By Sandhya Somashekhar
Washington Post Staff Writer
Friday, September 25, 2009
Former Virginia governor L. Douglas Wilder announced Thursday that he would not endorse either of the gubernatorial candidates this year, despite multiple overtures by the White House that he throw his support behind Democrat R. Creigh Deeds.
In a long-awaited statement, Wilder cited Deeds's views on taxes and guns for withholding his support. The state senator has said he would consider raising taxes to fund transportation and opposes a 1993 law supported by Wilder limiting an individual's gun purchases to one a month.
Wilder, the nation's first elected black governor, who served from 1990 through 1993, is famously unpredictable around endorsement time, and some have questioned his influence. But President Obama's repeated attempts to secure his support for Deeds gave Thursday's announcement national significance.
White House political director Patrick Gaspard spent two hours with Wilder one day in July, and the president called Wilder this month on Deeds's behalf. Gov. Timothy M. Kaine, a close friend of Obama's and chairman of the Democratic National Committee, had also encouraged Wilder to back Deeds.
The decision is a blow not only to Deeds, who has struggled to attract support from some leaders in the black community, but potentially for Obama, who is facing the first electoral test of his presidency in the race between Deeds and Republican Robert F. McDonnell.
"The requests made of me have been to endorse Mr. Deeds, the Democratic Candidate, for Governor. I refrain from doing so and will leave that choice to the voters," Wilder said in his statement.
Wilder is the second prominent black Virginia resident to snub Deeds. In July, Sheila Johnson, the wealthy co-founder of Black Entertainment Television and a major Democratic donor from Middleburg, stunned the political establishment by endorsing McDonnell and his plans to revive the economy. Although Deeds had wide support across the state in a brutal three-way primary, the only congressional district that did not back him included parts of Richmond and Hampton Roads, which have high concentrations of black voters.
Still, a recent Washington Post poll of likely voters shows Deeds with widespread support among African Americans. More than nine in 10 black voters responded that they support Deeds, compared with 3 percent for McDonnell. Obama, who appeared at a rally for Deeds this summer, won the black vote in Virginia by a similar margin last year. The challenge for Deeds will be to ensure that those voters are motivated to show up at the polls on Election Day.
Deeds, whose Bath County home is about 92 percent white, has worked hard to make inroads in the community, spending Sundays at black churches and reaching out to African American organizations. He has refined his message on issues such as the achievement gap between races in public schools, the restoration of voting and other rights for ex-convicts and the low number of minority-owned businesses that have state contracts.
It will take more than the ambivalence of a retired politician to erode that support, said Del. Lionell Spruill (D-Chesapeake).
"I think a lot of people give Doug too much credit," Spruill said. "Once Obama comes to Richmond [to stump for Deeds], people will say, 'Doug who?' "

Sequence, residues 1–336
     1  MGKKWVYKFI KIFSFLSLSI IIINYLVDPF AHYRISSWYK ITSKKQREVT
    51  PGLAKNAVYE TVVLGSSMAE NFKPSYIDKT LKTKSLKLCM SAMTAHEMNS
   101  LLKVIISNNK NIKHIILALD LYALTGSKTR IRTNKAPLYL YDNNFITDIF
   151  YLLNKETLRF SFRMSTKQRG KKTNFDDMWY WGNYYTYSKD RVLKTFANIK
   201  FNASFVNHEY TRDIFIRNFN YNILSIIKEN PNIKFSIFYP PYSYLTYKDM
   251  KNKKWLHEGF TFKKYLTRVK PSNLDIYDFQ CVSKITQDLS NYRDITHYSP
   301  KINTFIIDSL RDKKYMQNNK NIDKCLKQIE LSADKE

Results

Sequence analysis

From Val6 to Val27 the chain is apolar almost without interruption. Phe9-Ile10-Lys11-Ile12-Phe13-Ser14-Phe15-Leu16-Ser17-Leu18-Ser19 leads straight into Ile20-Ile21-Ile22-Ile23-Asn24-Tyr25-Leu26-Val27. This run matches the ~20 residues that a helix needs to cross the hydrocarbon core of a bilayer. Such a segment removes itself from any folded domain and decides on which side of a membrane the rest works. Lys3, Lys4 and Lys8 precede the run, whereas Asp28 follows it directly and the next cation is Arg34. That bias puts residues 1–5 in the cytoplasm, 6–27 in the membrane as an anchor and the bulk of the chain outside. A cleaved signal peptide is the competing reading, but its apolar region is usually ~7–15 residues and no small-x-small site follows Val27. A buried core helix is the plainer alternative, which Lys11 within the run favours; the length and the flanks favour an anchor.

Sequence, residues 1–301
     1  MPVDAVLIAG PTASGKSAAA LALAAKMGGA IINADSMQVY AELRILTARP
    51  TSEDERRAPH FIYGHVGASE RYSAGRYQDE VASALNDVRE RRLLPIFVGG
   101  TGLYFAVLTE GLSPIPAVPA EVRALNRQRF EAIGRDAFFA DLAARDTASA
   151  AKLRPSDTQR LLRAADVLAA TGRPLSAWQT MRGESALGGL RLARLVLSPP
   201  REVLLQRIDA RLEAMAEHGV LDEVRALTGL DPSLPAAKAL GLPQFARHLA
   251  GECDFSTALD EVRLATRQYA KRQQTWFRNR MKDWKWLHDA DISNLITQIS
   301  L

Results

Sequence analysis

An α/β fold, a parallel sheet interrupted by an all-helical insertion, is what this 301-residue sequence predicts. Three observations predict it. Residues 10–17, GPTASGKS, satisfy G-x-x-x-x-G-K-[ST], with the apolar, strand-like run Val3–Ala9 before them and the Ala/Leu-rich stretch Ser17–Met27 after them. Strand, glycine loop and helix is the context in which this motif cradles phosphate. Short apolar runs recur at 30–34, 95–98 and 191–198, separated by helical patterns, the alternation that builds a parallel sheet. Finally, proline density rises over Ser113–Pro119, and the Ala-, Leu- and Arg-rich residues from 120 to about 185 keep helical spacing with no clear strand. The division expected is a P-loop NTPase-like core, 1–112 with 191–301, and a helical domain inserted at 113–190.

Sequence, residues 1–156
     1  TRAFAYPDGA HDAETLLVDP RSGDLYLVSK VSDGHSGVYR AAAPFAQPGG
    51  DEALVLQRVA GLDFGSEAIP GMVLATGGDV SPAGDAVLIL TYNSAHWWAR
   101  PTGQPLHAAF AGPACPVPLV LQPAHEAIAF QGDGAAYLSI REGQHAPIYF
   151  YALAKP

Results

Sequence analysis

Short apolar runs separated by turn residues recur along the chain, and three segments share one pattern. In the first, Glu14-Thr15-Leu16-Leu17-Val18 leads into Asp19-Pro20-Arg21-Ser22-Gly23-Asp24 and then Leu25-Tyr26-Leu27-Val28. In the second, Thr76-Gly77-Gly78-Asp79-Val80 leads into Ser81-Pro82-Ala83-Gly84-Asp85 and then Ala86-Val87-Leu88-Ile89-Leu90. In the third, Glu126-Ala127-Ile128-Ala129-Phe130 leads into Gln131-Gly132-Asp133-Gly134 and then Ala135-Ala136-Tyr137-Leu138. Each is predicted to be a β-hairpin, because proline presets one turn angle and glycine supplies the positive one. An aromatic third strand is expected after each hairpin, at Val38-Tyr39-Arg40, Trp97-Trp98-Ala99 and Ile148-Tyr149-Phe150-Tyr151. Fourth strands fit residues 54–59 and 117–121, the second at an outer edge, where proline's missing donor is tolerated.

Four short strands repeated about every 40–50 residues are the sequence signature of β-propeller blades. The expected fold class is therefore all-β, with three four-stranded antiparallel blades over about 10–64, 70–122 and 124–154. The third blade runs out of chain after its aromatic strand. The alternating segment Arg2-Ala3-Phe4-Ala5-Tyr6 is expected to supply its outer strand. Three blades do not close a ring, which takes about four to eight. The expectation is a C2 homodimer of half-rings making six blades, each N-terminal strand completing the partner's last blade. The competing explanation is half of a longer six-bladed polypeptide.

Wilder's race for governor helped Virginia transcend its segregationist past. In office, he established the state's rainy day fund and pursued lasting gun control measures but often clashed with fellow Democrats. He was elected mayor of Richmond in 2003. And although crime dropped under his watch, his combative style put him at odds with the City Council and school officials. He decided not to run for reelection last year.
In his statement, Wilder said his overriding concern this year is the economy and he tasked the next governor with the job of putting "our fiscal house in order." He said he opposed any increase in taxes that would disproportionately affect poor families. He criticized Deeds for supporting the repeal of the handgun law, which "would allow the truck loads of guns to come back in exchange for drugs from those Northeastern states where gun laws are more stringent."
Wilder remains a powerful and influential force in some quarters. Terron Sims II, president of the Northern Virginia Black Democrats, a grass-roots group that grew out of Obama's candidacy last year, said Obama was only able to carry Virginia last year because of Wilder's barrier-breaking career.
"We love Doug," said Sims, an Arlington resident who supports Deeds. "He's the first black elected governor in the United States of America. That's going to carry a lot of weight."
McDonnell also courted Wilder, meeting with him just this week. The Republican nominee has reached out to black voters as well, particularly small-business owners.
Dave Rexrode, deputy campaign manager for McDonnell, said the efforts are crucial in light of the narrow vote count by which McDonnell beat Deeds four years ago in the race for attorney general.
"Having won the last election by just over 300 votes, he doesn't take anybody, any group for granted," Rexrode said. McDonnell will spend Friday in Virginia Beach and Norfolk with Johnson, where their agenda will include an African American business leaders roundtable at Virginia Wesleyan College.
Polling analyst Jennifer Agiesta contributed to this report.